The UK Scoliosis Clinic is in this week’s OK magazine

If you pick up a copy of OK magazine this week you’ll find some great info form our own Dr Paul Irvine in the health section. We’re really excited to be getting this message out about scoliosis and how to spot it, since early detection makes such a huge difference.  This week, let’s review some of the key symptoms to look out for.

Scoliosis : what to look out for

We’re in this week’s OK!

Two to three percent of adolescents between the age of 10 and 15 will develop scoliosis. That might seem like a small percentage, but as we pointed out in OK, it’s about one per class at school.  Among adults over 50, the rate is as high as 40% – this means that you almost certainly know at least a few people with scoliosis.

Scoliosis is a complex condition and can affect individuals in different ways. In fact, scoliosis is often difficult to detect early on, which is why screening is so important.

When scoliosis has first started to develop, visual symptoms are often the main issue – uneven shoulders, hips, or a rib hump are commonly noticed. While these symptoms don’t necessarily pose a significant health risk on their own, they are strongly associated with psychological problems, such as low self-esteem, anxiety and depression.

Once scoliosis develops and becomes more pronounced it can have an impact on everyday life as well as being more obvious visually. Symptoms might include:

  • Changes with walking. When the spine abnormally twists and bends during walking, it can cause the hips to be out of alignment which changes a person’s gait or how they walk. You might also notice you get tired quickly when walking.
  • Reduced range of motion. You might notice a reduced flexibility, or even pain and stiffness when moving.
  • Trouble breathing. If the spine rotates enough and diverges from its normal position enough, the rib cage can twist and tighten the space available for the lungs.
  • Cardiovascular problems. Similarly, if the rib cage twists enough, reduced spacing for the heart can hamper its ability to pump blood.
  • Many scoliosis patients report back pain ranging from moderate to severe. More research is required to determine if scoliosis is the main cause of the pain or if the pain is associated with issues, such as muscle tightness, which come with scoliosis, but pain is nonetheless often the symptom which causes people to seek treatment.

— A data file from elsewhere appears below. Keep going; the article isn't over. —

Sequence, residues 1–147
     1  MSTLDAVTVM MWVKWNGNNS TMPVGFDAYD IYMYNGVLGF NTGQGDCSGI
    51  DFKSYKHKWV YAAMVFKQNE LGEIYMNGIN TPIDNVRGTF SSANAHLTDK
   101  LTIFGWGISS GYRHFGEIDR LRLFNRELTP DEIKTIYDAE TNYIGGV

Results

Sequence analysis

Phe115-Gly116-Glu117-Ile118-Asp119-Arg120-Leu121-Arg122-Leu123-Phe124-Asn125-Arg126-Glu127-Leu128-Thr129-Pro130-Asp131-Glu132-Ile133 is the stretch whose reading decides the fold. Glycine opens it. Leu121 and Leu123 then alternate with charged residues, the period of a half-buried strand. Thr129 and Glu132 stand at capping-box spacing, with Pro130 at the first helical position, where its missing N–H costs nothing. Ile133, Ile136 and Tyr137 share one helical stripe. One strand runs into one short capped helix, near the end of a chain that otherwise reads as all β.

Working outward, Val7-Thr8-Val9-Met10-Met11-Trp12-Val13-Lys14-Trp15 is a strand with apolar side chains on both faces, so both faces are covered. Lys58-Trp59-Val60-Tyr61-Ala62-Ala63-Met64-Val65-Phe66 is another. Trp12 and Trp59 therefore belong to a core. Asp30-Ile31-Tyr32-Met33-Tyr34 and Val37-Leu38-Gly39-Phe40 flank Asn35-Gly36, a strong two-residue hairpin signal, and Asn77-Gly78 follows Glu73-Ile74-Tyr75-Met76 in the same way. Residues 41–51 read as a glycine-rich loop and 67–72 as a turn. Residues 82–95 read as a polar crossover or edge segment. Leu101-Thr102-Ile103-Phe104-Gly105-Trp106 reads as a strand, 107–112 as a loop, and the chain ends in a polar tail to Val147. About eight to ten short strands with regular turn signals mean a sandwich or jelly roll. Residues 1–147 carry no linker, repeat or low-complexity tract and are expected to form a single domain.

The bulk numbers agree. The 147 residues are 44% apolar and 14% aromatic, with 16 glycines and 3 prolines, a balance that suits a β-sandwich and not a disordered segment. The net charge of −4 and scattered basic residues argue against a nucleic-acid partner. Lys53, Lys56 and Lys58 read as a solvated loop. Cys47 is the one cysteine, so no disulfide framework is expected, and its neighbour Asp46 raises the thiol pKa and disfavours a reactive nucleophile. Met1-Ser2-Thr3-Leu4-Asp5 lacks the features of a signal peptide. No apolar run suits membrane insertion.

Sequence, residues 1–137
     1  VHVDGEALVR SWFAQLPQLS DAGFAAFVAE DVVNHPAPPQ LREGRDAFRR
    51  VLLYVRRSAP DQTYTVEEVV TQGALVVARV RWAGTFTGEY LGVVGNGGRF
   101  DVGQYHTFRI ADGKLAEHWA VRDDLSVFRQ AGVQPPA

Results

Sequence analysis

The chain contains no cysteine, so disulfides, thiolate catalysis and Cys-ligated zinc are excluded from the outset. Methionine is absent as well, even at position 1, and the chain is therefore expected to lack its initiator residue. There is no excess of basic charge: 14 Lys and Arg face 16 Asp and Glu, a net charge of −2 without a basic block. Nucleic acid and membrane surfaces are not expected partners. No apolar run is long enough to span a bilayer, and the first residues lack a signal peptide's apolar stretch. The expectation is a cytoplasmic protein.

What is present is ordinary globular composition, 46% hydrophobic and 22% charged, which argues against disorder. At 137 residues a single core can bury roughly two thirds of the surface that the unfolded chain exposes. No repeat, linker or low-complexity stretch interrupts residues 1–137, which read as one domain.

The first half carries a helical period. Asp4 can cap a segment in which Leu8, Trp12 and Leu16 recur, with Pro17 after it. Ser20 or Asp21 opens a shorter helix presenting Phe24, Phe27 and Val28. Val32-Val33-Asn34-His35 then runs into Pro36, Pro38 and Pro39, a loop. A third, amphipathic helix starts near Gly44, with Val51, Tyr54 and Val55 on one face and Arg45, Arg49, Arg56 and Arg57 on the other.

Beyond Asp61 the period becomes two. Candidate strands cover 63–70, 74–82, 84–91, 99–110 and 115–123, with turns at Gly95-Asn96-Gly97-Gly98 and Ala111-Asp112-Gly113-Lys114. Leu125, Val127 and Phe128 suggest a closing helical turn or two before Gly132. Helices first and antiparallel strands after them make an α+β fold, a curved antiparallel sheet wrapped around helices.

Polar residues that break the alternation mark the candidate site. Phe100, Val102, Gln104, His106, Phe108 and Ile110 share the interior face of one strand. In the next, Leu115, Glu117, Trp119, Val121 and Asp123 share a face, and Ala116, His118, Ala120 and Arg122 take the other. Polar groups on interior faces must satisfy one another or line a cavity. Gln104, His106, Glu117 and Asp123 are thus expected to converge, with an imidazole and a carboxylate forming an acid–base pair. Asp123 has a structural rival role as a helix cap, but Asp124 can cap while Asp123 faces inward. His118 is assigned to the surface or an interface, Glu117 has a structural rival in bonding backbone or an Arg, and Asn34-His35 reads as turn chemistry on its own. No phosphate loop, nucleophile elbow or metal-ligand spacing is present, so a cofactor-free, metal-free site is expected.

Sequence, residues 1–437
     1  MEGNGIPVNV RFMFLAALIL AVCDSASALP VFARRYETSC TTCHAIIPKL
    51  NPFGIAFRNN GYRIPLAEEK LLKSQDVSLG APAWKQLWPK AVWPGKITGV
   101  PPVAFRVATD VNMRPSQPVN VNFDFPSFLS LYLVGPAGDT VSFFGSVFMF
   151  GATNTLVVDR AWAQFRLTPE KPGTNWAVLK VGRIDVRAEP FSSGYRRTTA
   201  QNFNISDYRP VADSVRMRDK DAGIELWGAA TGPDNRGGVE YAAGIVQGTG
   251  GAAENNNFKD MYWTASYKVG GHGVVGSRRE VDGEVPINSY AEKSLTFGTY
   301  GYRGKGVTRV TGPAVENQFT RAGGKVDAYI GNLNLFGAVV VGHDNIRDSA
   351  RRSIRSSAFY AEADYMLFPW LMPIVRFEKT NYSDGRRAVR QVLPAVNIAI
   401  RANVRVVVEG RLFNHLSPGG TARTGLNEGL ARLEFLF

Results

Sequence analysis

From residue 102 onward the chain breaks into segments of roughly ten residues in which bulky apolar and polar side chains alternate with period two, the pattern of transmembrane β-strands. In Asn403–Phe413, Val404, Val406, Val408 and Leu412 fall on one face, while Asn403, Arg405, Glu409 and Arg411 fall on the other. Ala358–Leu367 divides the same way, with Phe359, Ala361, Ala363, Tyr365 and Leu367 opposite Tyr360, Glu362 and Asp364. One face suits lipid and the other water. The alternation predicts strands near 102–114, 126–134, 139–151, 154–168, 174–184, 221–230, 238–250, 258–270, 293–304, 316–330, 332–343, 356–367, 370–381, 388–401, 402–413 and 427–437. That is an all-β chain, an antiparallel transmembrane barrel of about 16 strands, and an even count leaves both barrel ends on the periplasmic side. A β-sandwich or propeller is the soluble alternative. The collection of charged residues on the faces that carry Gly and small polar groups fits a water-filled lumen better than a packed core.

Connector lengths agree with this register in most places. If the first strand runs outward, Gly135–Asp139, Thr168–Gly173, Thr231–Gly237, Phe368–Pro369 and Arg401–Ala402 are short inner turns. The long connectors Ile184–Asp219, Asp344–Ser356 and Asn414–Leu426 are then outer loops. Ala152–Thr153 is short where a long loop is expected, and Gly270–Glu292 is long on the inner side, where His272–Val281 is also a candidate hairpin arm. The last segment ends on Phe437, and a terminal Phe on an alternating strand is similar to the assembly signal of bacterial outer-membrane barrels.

How can I screen for scoliosis?

Screening for scoliosis is easy and takes about 5 minutes – you can learn more about how to screen for scoliosis here, or use our ScoliScreen tool, which will guide you through the process.

 

Spot scoliosis early and improve your prognosis!

Early detection Is especially important in scoliosis cases since research has shown a direct link between the age of detection and the outcomes achievable. Today, through modern bracing technology, it has been demonstrated that conservative treatment with a brace is now highly effective in treating juvenile idiopathic scoliosis. In one recent study of 113 patients, the vast majority achieved a complete curve correction and only 4.9% of patients needed surgery[1]

In the 2015 study, it was shown that curve correction was accomplished in 88 patients (77.8%) and stabilization was obtained in 18 patients (15.9%). Only 7 of the patients (6.19%) had progression of their scoliosis, and only 4 of these were recommended for surgery. Critically however, the study also demonstrated that treatment appears to be more effective with curves under 30° (incidence of surgery: 1.6%) than curves over 30° (incidence of surgery: 5.5%) – which strongly suggests the need to catch curves early.[2]

 

Have questions about scoliosis?

If you have questions about scoliosis, feel free to get in touch with us by phone or email – or upload your x-rays for a free scoliosis assessment.

 

 

[1] ‘Brace treatment in juvenile idiopathic scoliosis: a prospective study in accordance with the SRS criteria for bracing studies – SOSORT award 2013 winner‘ and Angelo G Aulisa, Vincenzo Guzzanti, Emanuele Marzetti,Marco Giordano, Francesco Falciglia and Lorenzo Aulisa, Scoliosis 2014 9:3 DOI: 10.1186/1748-7161-9-3

[2] Ibid.